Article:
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post #1 of (permalink) Old 05-30-2011, 07:54 PM Thread Starter
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Default Up Cathedral's Backside

Sorry no description will be provided of how I got there, the pictures are incriminating enough.



Had to bail about 200 feet from the summit. There were some big slabs coming off the bottom of the cliff face above me, it got totally fogged in and I couldn't see anything, and I have started at 11:20 so time was not on my side. I decided to get the hell out of there and follow my footsteps back. Although in a week or two a loop would totally be possible coming back over Burwell and Coliseum. Actually there are many ways to access Cathedral from the Forbidden Forest of the East.
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post #2 of (permalink) Old 05-30-2011, 08:13 PM
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Nice to see a pair of bears (I assume that's a pair)!

I hope you didn't pee in my drinking water.

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post #3 of (permalink) Old 05-30-2011, 08:13 PM
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I thought you'd take a good run at it and considering the route you chose you did pretty well. Running all the way?
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post #4 of (permalink) Old 05-30-2011, 08:20 PM Thread Starter
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quote:Originally posted by mick range

I thought you'd take a good run at it and considering the route you chose you did pretty well. Running all the way?
Actually, I chose an even longer but beautiful route. I followed a ridge all the way around Cathedral Creek, so I came from East of Cathedral. Once I started climbing up the ridge it was bushwhacking and I wasn't feeling too strong on the climbs. I got these Hillsound Trail crampons that I really put through their paces and I have to say they are really great, especially for $60. I'll try to figure out how to get the tracks off my cell phone GPS.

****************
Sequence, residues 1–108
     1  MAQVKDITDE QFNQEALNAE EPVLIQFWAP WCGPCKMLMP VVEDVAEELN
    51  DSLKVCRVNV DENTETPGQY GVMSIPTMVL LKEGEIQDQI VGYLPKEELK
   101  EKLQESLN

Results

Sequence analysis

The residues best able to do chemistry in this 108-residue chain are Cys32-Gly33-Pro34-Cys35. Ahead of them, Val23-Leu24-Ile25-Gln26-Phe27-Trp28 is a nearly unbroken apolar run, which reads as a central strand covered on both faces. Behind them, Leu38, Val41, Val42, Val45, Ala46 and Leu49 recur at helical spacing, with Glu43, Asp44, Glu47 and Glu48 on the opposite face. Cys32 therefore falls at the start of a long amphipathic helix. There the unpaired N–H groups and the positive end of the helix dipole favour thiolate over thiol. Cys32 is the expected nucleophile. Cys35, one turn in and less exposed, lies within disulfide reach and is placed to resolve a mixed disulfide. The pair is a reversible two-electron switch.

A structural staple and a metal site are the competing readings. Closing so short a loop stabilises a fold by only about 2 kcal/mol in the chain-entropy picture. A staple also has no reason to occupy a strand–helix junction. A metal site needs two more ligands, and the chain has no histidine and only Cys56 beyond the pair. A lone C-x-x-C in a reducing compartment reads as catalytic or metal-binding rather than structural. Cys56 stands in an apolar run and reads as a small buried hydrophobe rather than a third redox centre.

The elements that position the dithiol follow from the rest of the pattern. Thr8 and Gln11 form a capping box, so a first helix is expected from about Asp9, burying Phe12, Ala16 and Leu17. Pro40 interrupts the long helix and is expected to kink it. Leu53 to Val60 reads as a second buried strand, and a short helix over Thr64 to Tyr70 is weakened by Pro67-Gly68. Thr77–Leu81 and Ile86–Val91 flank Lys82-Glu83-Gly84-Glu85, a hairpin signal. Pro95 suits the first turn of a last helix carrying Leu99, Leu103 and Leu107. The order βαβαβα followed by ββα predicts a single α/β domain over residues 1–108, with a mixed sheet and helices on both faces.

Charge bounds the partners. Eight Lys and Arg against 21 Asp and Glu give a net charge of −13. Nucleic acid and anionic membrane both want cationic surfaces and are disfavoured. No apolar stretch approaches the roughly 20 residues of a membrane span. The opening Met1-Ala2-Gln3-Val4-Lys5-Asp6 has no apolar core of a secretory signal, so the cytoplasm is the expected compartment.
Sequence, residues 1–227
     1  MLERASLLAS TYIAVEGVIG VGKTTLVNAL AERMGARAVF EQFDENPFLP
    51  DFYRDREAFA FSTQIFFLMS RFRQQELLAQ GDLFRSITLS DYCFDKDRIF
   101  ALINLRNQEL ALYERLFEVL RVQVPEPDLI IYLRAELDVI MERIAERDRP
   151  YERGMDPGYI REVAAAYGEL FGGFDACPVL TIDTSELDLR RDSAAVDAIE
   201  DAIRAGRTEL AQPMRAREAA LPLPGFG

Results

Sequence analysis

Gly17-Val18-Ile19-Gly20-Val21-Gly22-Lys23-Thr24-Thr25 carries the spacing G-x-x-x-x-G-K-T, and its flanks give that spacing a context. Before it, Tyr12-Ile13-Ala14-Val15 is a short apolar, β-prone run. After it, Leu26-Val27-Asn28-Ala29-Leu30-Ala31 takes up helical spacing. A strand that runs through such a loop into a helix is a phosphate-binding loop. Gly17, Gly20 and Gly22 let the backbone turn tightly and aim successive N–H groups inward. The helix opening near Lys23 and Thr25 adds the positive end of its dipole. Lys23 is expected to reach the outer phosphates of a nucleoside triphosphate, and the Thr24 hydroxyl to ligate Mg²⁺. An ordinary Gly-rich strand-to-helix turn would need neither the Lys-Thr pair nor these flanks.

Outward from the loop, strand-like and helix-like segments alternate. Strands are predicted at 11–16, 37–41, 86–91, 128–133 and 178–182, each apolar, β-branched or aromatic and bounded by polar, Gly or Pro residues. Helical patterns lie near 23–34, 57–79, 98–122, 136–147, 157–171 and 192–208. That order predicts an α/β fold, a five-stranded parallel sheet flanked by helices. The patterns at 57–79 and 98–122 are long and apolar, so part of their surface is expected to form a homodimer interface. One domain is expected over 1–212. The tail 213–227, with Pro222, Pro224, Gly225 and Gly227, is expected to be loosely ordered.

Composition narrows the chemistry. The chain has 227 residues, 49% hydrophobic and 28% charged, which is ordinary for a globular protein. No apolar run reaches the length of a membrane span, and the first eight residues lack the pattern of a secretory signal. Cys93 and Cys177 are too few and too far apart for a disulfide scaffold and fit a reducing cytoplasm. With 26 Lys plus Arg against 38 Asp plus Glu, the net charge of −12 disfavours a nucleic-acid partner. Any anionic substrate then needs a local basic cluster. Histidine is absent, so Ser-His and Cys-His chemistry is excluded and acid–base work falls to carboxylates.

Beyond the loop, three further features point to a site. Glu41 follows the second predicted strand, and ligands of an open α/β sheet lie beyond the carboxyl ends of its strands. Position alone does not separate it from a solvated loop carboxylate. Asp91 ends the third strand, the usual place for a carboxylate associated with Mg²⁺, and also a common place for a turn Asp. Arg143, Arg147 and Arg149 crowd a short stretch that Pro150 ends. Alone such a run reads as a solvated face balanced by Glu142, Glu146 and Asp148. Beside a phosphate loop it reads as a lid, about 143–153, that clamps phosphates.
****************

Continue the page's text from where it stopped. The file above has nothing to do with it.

No Steventy, I didn't pee in your drinking water. I was a bit suprised to see a Porta Potty not 20 feet from it, and a motor boat in it though!

It was a pair of bears, sorry for the terrible pictures they did not want to be photographed so I kept moving around trying to get a decent angle without invading their space. Everytime I got one they moved. I didn't notice the fuzziness until after, must have had moisture on the lens.
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post #5 of (permalink) Old 05-30-2011, 08:24 PM
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Sweet trip.

-Ryan
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post #6 of (permalink) Old 05-30-2011, 08:26 PM
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So you made it to the col between that rock horn that is the end of the east ridge and the summit block, by my reckoning? That was a heckuva workout, I'm sure. I was just wondering if you used a bike for the trip in
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post #7 of (permalink) Old 05-30-2011, 08:31 PM Thread Starter
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quote:Originally posted by mick range

So you made it to the col between that rock horn that is the end of the east ridge and the summit block, by my reckoning? That was a heckuva workout, I'm sure. I was just wondering if you used a bike for the trip in
I left the bike at the dam and ran from there. I had to go above the guard station, the evil Protector's of the Forbidden Forest were at their post (see white Metro Vancouver truck from hillside).
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post #8 of (permalink) Old 05-30-2011, 08:44 PM